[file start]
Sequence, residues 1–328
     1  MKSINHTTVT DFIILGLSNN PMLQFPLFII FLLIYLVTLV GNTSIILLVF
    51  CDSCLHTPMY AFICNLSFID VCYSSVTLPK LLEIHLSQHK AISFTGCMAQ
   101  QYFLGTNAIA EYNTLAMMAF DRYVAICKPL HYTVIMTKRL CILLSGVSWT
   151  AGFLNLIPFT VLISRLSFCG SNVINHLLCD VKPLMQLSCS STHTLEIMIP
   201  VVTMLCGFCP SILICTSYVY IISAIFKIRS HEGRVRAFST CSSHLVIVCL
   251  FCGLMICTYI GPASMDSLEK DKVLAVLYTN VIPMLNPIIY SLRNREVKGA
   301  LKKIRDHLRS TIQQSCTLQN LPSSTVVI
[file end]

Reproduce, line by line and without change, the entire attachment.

Sequence, residues 1–328
     1  MKSINHTTVT DFIILGLSNN PMLQFPLFII FLLIYLVTLV GNTSIILLVF
    51  CDSCLHTPMY AFICNLSFID VCYSSVTLPK LLEIHLSQHK AISFTGCMAQ
   101  QYFLGTNAIA EYNTLAMMAF DRYVAICKPL HYTVIMTKRL CILLSGVSWT
   151  AGFLNLIPFT VLISRLSFCG SNVINHLLCD VKPLMQLSCS STHTLEIMIP
   201  VVTMLCGFCP SILICTSYVY IISAIFKIRS HEGRVRAFST CSSHLVIVCL
   251  FCGLMICTYI GPASMDSLEK DKVLAVLYTN VIPMLNPIIY SLRNREVKGA
   301  LKKIRDHLRS TIQQSCTLQN LPSSTVVI